Two pieces of same store retail sales were released today – one from the International Council of Shopping Centers (ICSC) and the other from the Bank of Tokyo – Mitsubishi (BTMU) showing same store sales increases in September 2010.
Normally, Econintersect would not be looking closely at same store sales – as it is a slightly distorted view of overall retail sales. It does not take into consideration bankruptcies or new store openings.
And now since the 600 pound gorilla Walmart no longer reports monthly, same store sales data has lost a lot of value. However, as Econintersect is on a recession watch, we are looking under more rocks to confirm or contradict this watch. Retail sales are a major component of GDP which is used by many to gauge the economy.
This data continues to confirm a slowing market, but is not recessionary.
Starting with BTMU September 2010 headlines:
Same-store sales in September came in under expectations, up +2.1 percent on a year-over-year basis, based on BTMU’s tally of over 30 chain-store retailers representing more than $35 billion in total sales. The September result came in at the low-end of the sideways trend in sales that emerged in late 2009. Since January of this year same-store sales growth has averaged 2.9 percent, moving within a tight band of 2 to 3 percent.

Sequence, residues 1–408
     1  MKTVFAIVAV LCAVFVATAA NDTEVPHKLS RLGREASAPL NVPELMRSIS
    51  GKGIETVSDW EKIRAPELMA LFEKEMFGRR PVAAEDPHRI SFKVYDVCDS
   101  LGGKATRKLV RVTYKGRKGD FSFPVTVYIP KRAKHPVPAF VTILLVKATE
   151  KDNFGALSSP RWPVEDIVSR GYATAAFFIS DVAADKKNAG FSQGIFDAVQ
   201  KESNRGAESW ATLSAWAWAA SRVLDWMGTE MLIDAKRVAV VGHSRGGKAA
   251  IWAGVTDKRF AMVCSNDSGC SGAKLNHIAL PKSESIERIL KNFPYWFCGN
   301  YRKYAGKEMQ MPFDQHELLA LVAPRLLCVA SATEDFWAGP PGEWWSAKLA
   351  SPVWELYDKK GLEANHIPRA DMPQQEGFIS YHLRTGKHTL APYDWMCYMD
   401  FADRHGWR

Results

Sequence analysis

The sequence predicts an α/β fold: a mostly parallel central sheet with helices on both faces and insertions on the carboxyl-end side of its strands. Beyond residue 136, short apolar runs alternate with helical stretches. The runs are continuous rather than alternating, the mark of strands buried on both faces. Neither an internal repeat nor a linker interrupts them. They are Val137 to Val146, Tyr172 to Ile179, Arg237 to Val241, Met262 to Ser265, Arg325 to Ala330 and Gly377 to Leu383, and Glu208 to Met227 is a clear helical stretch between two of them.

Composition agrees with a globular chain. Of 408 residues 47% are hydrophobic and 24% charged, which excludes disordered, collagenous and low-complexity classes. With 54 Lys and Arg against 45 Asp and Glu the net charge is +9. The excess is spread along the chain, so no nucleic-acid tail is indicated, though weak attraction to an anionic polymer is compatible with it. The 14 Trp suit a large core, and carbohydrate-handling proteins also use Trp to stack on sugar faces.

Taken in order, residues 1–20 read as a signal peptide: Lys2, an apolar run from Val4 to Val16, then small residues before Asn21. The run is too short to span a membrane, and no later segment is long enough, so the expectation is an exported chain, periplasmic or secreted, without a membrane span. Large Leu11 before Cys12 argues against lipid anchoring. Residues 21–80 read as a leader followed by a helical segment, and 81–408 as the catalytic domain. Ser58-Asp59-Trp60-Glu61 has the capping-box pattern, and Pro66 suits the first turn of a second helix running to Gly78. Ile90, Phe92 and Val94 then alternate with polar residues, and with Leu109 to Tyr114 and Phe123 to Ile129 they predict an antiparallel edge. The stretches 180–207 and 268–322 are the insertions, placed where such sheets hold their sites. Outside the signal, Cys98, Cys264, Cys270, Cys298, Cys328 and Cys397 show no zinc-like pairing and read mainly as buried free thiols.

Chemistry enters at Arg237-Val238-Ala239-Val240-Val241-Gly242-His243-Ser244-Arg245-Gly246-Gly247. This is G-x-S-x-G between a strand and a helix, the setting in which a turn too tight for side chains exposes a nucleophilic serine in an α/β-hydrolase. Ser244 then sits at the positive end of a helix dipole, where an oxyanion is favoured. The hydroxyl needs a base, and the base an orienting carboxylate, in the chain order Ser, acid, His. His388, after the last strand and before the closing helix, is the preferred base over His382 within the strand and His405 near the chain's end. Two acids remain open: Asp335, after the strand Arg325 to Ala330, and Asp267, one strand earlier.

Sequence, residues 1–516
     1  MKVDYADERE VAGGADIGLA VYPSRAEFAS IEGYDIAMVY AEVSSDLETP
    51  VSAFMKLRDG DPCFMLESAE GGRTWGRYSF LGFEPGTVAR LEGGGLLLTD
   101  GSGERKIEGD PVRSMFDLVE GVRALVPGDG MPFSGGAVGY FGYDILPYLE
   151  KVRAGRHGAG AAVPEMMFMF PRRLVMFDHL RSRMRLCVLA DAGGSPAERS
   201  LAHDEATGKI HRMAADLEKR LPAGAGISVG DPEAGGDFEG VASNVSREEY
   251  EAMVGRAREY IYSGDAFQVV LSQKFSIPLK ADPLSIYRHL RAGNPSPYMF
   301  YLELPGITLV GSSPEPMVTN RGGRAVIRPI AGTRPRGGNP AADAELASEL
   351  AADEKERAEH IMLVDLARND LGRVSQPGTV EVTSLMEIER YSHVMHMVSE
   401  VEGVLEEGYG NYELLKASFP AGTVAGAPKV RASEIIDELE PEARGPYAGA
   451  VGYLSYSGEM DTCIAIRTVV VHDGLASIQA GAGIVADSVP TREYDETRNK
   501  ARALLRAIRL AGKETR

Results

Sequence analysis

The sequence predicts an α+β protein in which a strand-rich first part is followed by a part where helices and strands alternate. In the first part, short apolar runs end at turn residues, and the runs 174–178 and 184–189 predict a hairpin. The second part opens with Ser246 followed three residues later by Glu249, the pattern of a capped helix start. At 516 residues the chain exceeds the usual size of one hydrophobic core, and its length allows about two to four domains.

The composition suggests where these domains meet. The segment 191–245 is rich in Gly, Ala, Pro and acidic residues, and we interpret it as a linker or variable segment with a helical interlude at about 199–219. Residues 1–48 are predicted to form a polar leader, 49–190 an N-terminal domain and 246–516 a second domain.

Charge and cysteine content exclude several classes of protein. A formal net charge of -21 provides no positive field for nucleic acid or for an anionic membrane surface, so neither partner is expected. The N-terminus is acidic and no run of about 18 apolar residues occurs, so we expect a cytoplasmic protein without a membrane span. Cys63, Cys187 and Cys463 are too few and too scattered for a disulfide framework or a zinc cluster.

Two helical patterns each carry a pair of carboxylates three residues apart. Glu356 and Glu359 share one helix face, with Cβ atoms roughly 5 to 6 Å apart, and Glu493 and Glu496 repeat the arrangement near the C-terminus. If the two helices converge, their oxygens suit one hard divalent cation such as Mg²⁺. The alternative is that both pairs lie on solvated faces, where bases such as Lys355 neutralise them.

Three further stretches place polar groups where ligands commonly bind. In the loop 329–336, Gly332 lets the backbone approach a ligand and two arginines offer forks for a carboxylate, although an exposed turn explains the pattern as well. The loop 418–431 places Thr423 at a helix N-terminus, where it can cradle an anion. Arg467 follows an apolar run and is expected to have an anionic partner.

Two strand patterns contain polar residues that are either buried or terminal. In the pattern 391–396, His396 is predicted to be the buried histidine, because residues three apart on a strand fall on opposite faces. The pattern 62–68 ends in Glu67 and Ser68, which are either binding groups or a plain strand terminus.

Sales in September were supported by late back-to-school shopping, but were hurt by unseasonably warm weather, which held back purchases of new cold-weather fall items. For the most part, discounters fell out of favor in September while mid-price to luxury stores did quite well. This is an important shift in spending behavior that certainly points to a better outlook on the part of households.
Looking ahead, most big box retailers are expecting same-store sales in the low single-digit range next month as annual comparisons are getting tougher. In October 2009 same-store sales increased by +1.8 percent.
The ICSC also released September 2010 data which showed same store sales increasing 2.6%. The news release stated in part:
Growth, however, is lagging. Same-store sales rose about 3 percent over the summer, and September’s increase is the smallest since May, according to ICSC.
Analysts expected September to get a boost from late back-to-school shopping, though some of those purchases could simply eat into October sales. “We think it could be tough” for October to sales to outperform last month’s, wrote Amy Noblin, a retail analyst for Weeden & Co.
Luxury retail enjoyed the biggest jump of any sector, up 6.6 percent. ICSC Chief Economist Michael P. Niemira said consumer confidence has increased significantly among high-income households, driving the gains. Meanwhile, sales at discount stores inched up 1.2 percent.
The data from both BTMU and ICSC confirm each other – and are predicting a weak October.